Rangel meets with Ethics Chair and Key House Players

Embattled Rep. Charlie Rangel (D-NY) and his attorney met Monday night with House Ethics Committee Chairwoman Zoe Lofgren (D-CA) as the House prepared to launch a rare, public ethics inquiry on Thursday into alleged misdeeds by the New York Democrat.

Lofgren will chair an "adjudicatory subcommittee" that will present its case against Rangel. An investigative panel reported last week that it had found ethics violations by Rangel.

For nearly two years, the ethics committee has probed Rangel on a host of issues, ranging from tax evasion to improper use of Congressional stationery to raise money for a school of public affairs in the Congressman's name at City College of New York.

Rangel sought counsel Monday night from Rep. Chris Van Hollen (D-MD), special assistant to House Speaker Nancy Pelosi (D-CA) and chairman of the Democratic Congressional Campaign Committee.

"I think he's in the process of trying to determine the best course forward," said Van Hollen. "I was presenting him with my observations."

When asked if he was giving advice to Rangel in either of his leadership capacities, Van Hollen was quick to note that his guidance was coming "as a friend."

Van Hollen refused to elaborate what the two discussed just off the House floor in what had been Rangel's office when he chaired the powerful House Ways and Means Committee.

"For now, I'm just going to keep my counsel to Mr. Rangel," Van Hollen said.

A Democratic House source indicates Rangel also met with House Majority Whip Jim Clyburn (D-SC), a senior member of the Congressional Black Caucus.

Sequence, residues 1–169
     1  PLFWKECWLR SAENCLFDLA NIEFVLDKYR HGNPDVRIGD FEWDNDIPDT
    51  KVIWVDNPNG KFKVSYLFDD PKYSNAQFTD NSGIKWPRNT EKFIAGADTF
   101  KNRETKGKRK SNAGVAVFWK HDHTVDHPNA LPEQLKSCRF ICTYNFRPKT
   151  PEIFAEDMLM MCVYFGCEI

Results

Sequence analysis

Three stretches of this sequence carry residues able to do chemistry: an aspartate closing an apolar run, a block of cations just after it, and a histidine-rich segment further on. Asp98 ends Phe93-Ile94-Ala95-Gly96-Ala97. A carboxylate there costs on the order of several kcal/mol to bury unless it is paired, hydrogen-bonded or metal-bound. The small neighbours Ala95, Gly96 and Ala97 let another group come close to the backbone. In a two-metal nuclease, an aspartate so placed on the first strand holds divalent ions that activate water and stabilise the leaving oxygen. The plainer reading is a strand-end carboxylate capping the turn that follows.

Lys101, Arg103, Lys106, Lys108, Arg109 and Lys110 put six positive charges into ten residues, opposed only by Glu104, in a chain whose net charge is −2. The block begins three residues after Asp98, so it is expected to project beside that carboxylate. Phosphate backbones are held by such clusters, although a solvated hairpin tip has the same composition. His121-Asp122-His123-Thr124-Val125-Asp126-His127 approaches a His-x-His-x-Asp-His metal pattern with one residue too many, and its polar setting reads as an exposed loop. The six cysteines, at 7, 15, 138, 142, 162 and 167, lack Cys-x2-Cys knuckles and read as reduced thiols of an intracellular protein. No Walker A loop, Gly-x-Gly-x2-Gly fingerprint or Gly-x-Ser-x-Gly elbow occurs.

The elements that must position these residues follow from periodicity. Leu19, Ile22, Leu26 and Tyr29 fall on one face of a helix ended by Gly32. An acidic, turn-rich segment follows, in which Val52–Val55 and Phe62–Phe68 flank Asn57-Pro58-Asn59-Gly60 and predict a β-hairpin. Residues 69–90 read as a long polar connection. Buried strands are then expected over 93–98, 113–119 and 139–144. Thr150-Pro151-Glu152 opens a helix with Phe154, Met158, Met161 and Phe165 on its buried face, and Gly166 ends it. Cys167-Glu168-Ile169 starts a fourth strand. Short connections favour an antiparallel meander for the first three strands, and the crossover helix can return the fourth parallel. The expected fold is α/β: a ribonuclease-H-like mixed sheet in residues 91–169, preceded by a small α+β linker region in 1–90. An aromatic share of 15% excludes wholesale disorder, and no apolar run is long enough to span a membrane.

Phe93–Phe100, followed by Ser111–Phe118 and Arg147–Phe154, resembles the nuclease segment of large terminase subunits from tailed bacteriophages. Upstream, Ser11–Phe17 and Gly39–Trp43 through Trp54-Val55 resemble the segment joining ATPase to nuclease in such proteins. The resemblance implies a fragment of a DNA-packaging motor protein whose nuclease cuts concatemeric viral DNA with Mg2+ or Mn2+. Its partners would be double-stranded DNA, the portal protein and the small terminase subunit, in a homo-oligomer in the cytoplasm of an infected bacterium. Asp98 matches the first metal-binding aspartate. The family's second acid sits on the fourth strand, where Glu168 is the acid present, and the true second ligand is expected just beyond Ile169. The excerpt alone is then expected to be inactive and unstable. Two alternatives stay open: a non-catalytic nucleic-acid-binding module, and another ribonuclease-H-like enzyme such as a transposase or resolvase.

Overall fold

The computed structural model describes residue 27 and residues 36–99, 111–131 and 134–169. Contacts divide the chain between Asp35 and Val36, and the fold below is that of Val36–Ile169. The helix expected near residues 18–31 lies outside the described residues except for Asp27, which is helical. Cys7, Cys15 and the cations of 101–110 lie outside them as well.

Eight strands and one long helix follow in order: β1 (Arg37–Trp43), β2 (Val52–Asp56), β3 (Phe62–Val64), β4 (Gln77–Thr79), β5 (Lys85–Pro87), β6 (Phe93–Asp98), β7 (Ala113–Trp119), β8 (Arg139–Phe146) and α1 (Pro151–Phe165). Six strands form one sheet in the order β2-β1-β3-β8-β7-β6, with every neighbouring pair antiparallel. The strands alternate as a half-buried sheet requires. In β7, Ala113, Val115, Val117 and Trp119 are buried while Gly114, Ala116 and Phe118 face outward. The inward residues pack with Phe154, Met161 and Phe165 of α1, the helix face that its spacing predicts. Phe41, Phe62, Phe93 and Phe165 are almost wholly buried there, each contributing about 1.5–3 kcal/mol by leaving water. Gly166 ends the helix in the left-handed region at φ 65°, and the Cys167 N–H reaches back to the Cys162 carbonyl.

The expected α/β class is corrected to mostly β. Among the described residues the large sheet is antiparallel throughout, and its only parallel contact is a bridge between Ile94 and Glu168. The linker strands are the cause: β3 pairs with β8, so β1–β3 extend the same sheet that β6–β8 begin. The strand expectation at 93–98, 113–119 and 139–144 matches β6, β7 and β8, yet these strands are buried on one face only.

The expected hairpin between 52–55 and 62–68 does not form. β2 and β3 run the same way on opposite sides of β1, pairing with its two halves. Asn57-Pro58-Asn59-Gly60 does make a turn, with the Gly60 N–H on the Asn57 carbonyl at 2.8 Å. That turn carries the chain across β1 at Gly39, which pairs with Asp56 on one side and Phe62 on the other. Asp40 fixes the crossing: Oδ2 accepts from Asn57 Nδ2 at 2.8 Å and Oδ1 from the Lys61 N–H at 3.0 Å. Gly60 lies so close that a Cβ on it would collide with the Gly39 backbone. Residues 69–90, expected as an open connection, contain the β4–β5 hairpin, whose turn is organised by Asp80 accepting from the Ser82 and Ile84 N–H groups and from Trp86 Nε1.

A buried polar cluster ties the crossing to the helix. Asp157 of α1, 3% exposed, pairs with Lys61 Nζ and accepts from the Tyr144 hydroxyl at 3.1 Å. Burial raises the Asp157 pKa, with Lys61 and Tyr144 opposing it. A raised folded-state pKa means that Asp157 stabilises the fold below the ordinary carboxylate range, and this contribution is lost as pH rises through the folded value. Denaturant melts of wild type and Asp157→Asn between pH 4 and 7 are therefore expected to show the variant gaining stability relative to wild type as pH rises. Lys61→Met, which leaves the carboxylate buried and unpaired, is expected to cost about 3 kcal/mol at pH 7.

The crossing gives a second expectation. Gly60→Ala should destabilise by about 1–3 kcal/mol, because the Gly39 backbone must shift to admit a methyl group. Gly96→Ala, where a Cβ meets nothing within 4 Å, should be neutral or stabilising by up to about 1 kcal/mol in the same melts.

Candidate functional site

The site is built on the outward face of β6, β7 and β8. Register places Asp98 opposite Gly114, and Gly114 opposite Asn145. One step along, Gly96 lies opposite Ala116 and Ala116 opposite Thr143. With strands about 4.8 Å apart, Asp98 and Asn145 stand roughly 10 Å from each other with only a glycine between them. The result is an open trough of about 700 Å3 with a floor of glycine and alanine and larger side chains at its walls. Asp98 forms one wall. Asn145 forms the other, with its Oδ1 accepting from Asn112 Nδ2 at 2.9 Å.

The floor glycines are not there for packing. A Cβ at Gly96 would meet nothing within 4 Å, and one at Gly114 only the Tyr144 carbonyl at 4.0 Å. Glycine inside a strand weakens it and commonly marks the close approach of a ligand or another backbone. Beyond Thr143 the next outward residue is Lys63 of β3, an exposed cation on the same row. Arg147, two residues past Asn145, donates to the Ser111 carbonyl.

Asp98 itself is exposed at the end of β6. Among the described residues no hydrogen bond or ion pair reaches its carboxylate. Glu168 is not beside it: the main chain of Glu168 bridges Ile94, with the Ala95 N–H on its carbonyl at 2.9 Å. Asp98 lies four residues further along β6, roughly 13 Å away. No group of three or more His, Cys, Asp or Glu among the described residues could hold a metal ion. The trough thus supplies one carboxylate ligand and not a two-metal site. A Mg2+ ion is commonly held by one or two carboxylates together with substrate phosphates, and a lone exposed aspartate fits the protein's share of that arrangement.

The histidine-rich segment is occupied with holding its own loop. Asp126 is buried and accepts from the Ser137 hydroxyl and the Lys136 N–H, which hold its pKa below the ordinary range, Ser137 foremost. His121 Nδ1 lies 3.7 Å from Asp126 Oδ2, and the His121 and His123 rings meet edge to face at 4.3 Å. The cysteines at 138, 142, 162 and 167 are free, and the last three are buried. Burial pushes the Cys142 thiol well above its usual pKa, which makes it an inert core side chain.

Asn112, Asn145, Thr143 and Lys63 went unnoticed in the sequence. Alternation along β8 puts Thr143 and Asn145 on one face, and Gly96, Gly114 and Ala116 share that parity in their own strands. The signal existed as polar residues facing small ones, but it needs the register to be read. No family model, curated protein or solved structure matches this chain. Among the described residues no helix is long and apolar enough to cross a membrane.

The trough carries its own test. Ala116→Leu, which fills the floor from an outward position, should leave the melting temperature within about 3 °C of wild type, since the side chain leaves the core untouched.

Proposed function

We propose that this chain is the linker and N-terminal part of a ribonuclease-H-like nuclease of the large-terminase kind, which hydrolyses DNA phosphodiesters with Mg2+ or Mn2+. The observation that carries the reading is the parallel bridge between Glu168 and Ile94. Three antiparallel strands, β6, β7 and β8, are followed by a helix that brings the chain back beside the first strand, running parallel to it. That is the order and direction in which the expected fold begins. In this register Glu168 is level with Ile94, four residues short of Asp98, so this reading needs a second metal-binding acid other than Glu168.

For days, senior House sources have discussed the possibility of Democratic leaders offering Rangel a "deal" that would avoid a potentially embarrassing, public ethics trial right before Democrats face one of the most-competitive midterm elections in years.

Many Democrats are concerned that Rangel's insistence of proving his innocence at the trial could damage other vulnerable House Democrats right before an election.

"Everyone's uncomfortable with it," said Rep. Tim Ryan (D-OH). "Everyone wants it to go away."

Meantime, members of the Congressional Black Caucus issued a statement asking that Rangel be allowed to make his case at the public forum.

“Any rush to judgment to short-circuit the ongoing review of Congressman Rangel by the Committee on Standards of Official Conduct will do a disservice to the well established processes of the House of Representatives," said Rep. Barbara Lee (D-CA), the chairwoman of the Congressional Black Caucus.

It's been eight years since the Ethics Committee has conducted such a probe in public. In fact, when the Ethics Committee disciplined former House Majority Leader Tom DeLay (R-TX), a lower-level subcommittee formally admonished the Texas Republican in a written statement.

Rep. Jo Bonner (R-AL), the leading Republican on the Ethics Committee, said there was no reason to kick DeLay's issues to a higher "adjudicative subcommittee."

"The sanction was admonishment," Bonner said of DeLay.

Bonner's remark implies the House Ethics Committee may have a more serious form of punishment lined up for Rangel.

Officially, the House recognizes three forms of discipline: reprimand, censure and expulsion.

For his part, Rangel had little to say about the meetings and the pending hearing on Thursday.

"I have to find out what they're going to do on Thursday," Rangel said. "And then I'll be prepared for it."